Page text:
Still looking into all it can do. There is a lot there! I think the key is to start with a conservative approach as I listed above and then move towards more reps, to see how much difference the active recovery and a superior wave form available here can do for you. You know it will help but you need to see how much. This option didn’t exist when I first started experimenting so many years ago. I have used it mostly on myself so far but the real test will come when I can transfer it to top athletes who are in a max power training phase. I have some coming here soon for that and it will be very interesting to see how they respond.

Ok, Charlie, so after 8 months what do you think?

This past summer two highly ranked jr 18 year old tennis players from a US tennis academy came to work with Charlie. Unexpectedly one of them arrived with a foot injury so Charlie worked with the one who was healthy and had me work with the one who could’nt play tennis.
I used the mobiliztion 1 and 2, the warm-up for rehab and then used max strength for quads, glutes, hams and the back. She was not very lean on arrival but after one day on bike tempo and stim you could already see an excellent response. We used the stim for the better part of every other day for 10 days with bike and pool. Her body was transformed despite not doing any running or much tennis. ( she was able to hit a ball an hour or less every other day but no running or moving on court until the very end)
I have also been using the stim on one of Charlie’s clients for a knee injury to bring blood flow to the area and strenghen the quad and keep his hamstrings loose as well.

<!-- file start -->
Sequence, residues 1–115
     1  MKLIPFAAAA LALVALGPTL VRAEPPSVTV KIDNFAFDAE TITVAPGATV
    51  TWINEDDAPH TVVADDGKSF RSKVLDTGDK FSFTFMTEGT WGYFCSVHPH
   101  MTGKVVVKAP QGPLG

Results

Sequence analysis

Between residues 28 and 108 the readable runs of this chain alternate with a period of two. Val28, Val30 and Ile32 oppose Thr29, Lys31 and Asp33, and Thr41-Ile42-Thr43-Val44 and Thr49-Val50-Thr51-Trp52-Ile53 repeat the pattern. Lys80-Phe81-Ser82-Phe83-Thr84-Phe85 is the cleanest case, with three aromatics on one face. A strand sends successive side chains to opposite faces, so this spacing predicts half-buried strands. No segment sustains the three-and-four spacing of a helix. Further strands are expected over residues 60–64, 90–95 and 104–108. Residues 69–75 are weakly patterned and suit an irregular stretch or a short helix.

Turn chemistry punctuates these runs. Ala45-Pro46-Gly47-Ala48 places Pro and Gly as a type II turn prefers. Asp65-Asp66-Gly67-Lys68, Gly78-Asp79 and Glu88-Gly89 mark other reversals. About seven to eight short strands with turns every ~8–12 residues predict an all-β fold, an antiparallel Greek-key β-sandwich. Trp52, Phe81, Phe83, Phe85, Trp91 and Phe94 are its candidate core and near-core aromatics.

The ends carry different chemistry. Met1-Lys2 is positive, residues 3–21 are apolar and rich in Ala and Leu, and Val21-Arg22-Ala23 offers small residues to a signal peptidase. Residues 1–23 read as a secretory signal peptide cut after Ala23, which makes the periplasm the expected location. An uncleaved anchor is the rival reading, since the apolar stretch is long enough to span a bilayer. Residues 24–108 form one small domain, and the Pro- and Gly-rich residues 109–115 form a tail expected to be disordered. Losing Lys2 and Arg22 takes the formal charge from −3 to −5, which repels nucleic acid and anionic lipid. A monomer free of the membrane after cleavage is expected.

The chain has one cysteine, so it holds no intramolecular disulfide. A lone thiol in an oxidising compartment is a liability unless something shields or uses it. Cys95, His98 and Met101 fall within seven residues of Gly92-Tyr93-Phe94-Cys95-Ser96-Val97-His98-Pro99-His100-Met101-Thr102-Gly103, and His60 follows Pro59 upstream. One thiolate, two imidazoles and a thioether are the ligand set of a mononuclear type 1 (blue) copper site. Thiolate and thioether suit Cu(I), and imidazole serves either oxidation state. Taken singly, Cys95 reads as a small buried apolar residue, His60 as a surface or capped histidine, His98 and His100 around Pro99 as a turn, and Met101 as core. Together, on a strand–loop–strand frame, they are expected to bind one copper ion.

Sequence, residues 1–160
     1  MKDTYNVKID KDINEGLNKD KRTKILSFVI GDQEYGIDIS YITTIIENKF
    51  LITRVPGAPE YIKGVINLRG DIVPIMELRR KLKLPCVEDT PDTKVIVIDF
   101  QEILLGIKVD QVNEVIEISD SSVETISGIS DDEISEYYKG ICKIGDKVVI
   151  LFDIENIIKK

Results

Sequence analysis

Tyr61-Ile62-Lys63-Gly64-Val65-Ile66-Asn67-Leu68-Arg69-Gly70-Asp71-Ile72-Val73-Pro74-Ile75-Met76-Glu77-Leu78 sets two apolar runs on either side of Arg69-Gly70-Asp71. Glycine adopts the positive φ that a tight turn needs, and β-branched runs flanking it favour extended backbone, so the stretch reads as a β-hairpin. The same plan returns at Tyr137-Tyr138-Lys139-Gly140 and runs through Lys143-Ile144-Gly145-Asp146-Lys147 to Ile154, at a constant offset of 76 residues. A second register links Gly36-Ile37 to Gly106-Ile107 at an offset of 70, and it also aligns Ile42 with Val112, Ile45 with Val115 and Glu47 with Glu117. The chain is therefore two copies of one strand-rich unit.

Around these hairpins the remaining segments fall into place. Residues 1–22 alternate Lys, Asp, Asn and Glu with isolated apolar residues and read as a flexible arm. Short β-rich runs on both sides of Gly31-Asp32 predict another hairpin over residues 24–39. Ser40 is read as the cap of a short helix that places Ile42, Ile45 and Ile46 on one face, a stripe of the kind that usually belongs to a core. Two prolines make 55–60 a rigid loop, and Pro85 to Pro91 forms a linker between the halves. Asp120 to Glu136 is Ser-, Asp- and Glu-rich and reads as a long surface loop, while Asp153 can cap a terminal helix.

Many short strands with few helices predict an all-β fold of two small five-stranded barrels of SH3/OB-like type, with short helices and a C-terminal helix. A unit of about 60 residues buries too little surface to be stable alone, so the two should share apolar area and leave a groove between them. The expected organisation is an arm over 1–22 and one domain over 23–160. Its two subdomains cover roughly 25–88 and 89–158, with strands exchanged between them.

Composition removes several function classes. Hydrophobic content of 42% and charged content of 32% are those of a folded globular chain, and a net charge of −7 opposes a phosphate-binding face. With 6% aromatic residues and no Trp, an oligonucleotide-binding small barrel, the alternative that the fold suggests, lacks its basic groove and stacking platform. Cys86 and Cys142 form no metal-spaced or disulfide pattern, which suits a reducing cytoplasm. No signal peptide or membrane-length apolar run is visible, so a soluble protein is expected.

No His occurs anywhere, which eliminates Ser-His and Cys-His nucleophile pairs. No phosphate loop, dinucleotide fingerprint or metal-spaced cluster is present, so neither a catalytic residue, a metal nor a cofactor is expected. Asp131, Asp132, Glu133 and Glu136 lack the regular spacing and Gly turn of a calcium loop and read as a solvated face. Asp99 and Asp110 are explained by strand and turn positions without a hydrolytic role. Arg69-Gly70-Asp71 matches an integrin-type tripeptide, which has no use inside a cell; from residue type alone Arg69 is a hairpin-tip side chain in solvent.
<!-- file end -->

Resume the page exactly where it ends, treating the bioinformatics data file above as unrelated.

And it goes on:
This is an excellent device with options to deal with all sorts of issues.
We love it.

great job and great infos :slight_smile:

As Ange has described, this is a great piece of equipment.

  1. What protocols did you use for this purpose? I feel I don’t use my compex as much as I could and should be. Many of my athletes are starting to get really tight hamstrings, especially in the adductors. Was hoping my unit might be of use in loosening that up. Would active recovery work, or some type of recovery protocol? What parameters might I use for this (time, intensity, placement etc)

  2. I have another athlete who dislocated her knee cap making a cut. We have been doing strength for hamstrings using 6 second contraction, 30 second rest for 10 seconds. (therapist has been doing stim on quads, but neglecting hams). Any suggestions for this athlete?

Thanks in advance.

1 I’d use the active recovery modalities where the tightness is concentrated, most likely low down near the knee.
2 I’d see if you can move the reps up from 10 to 15 at least, as she’s limited in other training activities.